Fear conditioning is an excellent model system for understanding how the brain responds to threat. When organisms learn that an auditory cue predicts danger, the formation of this emotional memory requires plastic changes at synapses in the amygdala. Importantly, the subsequent retrieval and use of this memory involves activity-dependent synaptic destabilization. The functional significance of memory destabilization at retrieval is yet to be fully understood, but this process is likely to be important for memory updating and flexibility under normal conditions. Understanding and control of memory destabilization may open new avenues for clinical interventions in anxiety disorders. Our recent work has focused on the critical role of the ubiquitin-proteasome system (UPS) in controlling synaptic stability when existing memories are recalled. While destabilization is well documented at amygdala synapses, very few data exist related to the factors that control this process. In this project we use optogenetic silencing and stimulation to control neural activity during memory retrieval in behaving animals while quantifying biochemical signals related to destabilization in the amygdala. These signals include proteasome activity and activity-driven phosphorylation of Rpt6 regulatory subunits.
Aim 1 is focused on altering activity within specific amygdala nuclei or connections. Studies in Aim 2 assess the role of prelimbic medial prefrontal cortex (PL) activity in triggering memory destabilization and address functional interactions between PL and the amygdala.
In Aim 3 we address the role of the ventral periaqueductal gray and some of its reciprocal connections with the amygdala. The knowledge gained here may ultimately be applied to the targeted destabilization and erasure of traumatic memories.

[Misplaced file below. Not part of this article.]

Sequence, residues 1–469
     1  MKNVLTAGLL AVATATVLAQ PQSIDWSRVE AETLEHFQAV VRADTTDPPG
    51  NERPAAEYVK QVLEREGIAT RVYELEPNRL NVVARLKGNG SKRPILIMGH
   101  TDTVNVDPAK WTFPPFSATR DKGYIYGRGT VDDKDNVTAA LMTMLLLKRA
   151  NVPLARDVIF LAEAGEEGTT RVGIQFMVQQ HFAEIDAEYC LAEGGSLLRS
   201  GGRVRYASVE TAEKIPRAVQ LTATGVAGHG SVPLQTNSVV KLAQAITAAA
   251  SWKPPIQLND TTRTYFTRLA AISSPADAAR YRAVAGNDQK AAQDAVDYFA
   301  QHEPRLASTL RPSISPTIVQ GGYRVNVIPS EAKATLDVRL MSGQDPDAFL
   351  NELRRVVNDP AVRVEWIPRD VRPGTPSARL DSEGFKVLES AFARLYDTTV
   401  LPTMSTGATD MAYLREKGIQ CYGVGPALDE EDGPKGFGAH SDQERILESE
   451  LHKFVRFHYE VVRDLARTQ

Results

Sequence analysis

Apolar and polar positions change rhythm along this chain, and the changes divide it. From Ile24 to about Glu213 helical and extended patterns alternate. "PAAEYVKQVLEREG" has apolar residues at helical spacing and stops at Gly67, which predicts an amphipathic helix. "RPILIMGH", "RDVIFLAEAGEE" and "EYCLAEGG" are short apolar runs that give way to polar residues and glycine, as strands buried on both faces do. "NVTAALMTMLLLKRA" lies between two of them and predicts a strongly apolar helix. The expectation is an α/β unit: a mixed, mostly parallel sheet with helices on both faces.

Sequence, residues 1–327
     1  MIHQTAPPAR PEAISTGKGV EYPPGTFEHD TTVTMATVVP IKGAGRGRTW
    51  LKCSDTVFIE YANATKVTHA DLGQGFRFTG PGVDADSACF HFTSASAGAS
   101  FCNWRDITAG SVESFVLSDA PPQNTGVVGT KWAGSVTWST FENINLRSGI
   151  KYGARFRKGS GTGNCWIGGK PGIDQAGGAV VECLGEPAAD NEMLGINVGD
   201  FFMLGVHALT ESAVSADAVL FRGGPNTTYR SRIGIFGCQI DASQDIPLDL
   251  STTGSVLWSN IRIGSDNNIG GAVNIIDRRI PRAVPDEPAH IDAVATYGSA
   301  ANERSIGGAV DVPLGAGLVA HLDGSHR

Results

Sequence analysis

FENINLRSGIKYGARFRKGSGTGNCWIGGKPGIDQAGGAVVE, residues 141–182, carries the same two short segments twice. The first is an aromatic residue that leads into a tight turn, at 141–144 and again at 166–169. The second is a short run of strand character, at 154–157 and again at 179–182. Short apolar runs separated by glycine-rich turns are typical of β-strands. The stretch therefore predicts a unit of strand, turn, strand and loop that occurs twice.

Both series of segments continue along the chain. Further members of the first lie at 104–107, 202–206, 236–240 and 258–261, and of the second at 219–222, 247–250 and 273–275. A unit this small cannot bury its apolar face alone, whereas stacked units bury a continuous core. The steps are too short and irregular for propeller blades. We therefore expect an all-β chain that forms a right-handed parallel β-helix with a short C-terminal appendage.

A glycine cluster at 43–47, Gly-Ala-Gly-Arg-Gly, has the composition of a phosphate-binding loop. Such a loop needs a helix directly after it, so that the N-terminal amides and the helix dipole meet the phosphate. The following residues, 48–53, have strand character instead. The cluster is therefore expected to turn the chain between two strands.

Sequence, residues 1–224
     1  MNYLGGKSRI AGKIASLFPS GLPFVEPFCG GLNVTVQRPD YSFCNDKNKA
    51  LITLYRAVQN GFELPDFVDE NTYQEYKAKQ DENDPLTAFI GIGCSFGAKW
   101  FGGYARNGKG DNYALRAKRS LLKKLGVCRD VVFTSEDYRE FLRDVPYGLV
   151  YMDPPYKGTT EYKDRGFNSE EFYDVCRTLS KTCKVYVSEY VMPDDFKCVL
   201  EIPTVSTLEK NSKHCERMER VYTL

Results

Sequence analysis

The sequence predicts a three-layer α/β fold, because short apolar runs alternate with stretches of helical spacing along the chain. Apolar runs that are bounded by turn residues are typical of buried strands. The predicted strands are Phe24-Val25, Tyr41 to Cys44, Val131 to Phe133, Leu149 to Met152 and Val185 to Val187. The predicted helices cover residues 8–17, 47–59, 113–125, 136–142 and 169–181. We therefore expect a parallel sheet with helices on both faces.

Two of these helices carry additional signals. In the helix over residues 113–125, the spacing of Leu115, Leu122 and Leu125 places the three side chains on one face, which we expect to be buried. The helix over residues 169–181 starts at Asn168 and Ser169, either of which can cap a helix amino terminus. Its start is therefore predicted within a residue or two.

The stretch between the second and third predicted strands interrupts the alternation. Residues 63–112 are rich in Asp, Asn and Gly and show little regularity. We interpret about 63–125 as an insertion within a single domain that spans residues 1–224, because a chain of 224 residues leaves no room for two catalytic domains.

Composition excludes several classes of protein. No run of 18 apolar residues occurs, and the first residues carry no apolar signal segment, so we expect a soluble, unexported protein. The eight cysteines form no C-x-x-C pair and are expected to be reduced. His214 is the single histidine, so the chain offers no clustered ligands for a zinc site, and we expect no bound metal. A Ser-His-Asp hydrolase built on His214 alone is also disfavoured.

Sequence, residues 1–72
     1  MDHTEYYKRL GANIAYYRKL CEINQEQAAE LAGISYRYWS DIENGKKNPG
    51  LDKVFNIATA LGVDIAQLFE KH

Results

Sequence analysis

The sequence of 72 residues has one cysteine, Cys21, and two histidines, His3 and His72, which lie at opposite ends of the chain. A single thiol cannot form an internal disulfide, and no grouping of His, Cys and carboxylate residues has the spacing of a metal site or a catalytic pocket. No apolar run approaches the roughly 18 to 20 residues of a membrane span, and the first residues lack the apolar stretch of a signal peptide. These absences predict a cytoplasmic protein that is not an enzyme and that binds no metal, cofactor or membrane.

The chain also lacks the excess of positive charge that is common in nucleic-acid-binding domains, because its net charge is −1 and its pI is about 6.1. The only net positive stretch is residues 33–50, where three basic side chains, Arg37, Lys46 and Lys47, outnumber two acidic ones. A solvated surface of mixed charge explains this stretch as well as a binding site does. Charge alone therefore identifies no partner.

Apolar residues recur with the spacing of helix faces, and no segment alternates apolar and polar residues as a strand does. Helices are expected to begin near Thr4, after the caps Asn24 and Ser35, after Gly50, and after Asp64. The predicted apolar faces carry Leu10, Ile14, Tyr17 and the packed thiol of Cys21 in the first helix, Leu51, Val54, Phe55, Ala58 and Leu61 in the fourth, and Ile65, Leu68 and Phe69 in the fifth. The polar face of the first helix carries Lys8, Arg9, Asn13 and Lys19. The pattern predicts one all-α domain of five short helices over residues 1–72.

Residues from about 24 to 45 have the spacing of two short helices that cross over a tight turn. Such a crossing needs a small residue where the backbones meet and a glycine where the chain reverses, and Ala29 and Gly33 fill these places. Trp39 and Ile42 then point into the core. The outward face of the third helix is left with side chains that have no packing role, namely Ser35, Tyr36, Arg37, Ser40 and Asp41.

Public Health Relevance

This project is focused on understanding how the brain recalls memories using a specific circuit of connected brain regions. We want to know how the modification of proteins at synapses in this circuit allow us to learn and remember. This circuit, and the emotional memories it forms, are a key to understanding post-traumatic stress disorder and other mental health problems related to anxiety. The basic information gained here may open new avenues for the targeted treatment of disorders that occur in people after traumatic experiences.

National Institute of Health (NIH)
National Institute of Mental Health (NIMH)
Research Project (R01)
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Neurobiology of Learning and Memory Study Section (LAM)
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Vicentic, Aleksandra
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University of Wisconsin Milwaukee
Schools of Arts and Sciences
United States
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Cullen, Patrick K; Ferrara, Nicole C; Pullins, Shane E et al. (2017) Context memory formation requires activity-dependent protein degradation in the hippocampus. Learn Mem 24:589-596
Ferrara, Nicole C; Cullen, Patrick K; Pullins, Shane P et al. (2017) Input from the medial geniculate nucleus modulates amygdala encoding of fear memory discrimination. Learn Mem 24:414-421
Kwapis, Janine L; Jarome, Timothy J; Ferrara, Nicole C et al. (2017) Updating Procedures Can Reorganize the Neural Circuit Supporting a Fear Memory. Neuropsychopharmacology 42:1688-1697
Azimipour, Mehdi; Sheikhzadeh, Mahya; Baumgartner, Ryan et al. (2017) Fluorescence laminar optical tomography for brain imaging: system implementation and performance evaluation. J Biomed Opt 22:16003